Arizona Department of Public Safety hit by new racial profile ruling
Larry Hendricks, Arizona Daily Sun, Jan. 18
The Arizona Department of Public Safety has been dealt another blow by the courts in the organization’s continuing battle to crack down on drug trafficking through Coconino County and Flagstaff.
On Tuesday, a federal magistrate judge in Minnesota suppressed evidence — five kilograms of cocaine — seized during a traffic stop on Interstate 40 near Flagstaff, because, the judge stated, the DPS officer who made the stop did so because the driver and passengers were black, then falsified a document to hide his action.
“We are shocked and surprised,” said Officer Steve Shroufe, acting as spokesperson on behalf of DPS. “An appeal is being pursued.”
DPS has consistently maintained that it does not make traffic stops in search of drugs based on race, and it even has a policy in place to prohibit the practice.
On June 10, 2002, Officer Jay Hutton was parked at a spot on I-40 checking eastbound traffic for speeders. Hutton stated that he clocked a black Suburban doing 75 in a 65 mph zone. He pulled the Suburban over. The driver was black. The passenger and owner of the vehicle, Robert Williams, also black, gave Hutton consent to search.
Hutton found five kilos of cocaine, and Williams was arrested.
The case was filed in federal court in Minnesota, where Williams is from. U.S. Magistrate Judge Franklin Noel heard the case.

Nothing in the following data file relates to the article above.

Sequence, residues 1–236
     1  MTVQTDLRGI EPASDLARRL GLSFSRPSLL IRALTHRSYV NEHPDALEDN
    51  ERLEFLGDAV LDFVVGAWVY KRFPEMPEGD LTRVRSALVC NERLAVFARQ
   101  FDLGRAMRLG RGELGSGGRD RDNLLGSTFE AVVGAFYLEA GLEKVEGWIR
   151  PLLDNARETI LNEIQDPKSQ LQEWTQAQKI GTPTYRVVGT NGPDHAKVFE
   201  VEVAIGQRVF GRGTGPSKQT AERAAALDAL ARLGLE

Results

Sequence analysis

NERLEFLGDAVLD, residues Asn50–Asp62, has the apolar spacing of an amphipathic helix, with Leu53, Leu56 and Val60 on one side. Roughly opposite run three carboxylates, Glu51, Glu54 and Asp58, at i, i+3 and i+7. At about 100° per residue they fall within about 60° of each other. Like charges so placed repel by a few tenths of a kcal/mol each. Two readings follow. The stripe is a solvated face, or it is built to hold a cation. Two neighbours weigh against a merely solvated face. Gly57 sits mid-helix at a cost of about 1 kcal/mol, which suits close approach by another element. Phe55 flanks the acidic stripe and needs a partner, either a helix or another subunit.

Williams’ attorney, Robert Miller, said he enlisted the aid of Flagstaff attorney Lee Phillips, who has been attempting to establish unsuccessfully for more than three years that DPS officers make traffic stops in search of drugs based on race.
In November 2003, Phillips requested and received approximately 300,000 documents compiled by DPS itself — information about traffic stops and searches — made by DPS officers in the entire state from January through August of 2003.
Fred Solop, director of the Northern Arizona University Social Research Laboratory, made a preliminary analysis of the new data for stops and searches on I-40 in Coconino County for Williams’ case in Minnesota.
The stop and search data was compared with a violator study conducted by Solop. The violator study determined the racial and ethnic composition of people who were observed by student researchers breaking traffic laws during a series of field surveys one summer along I-40.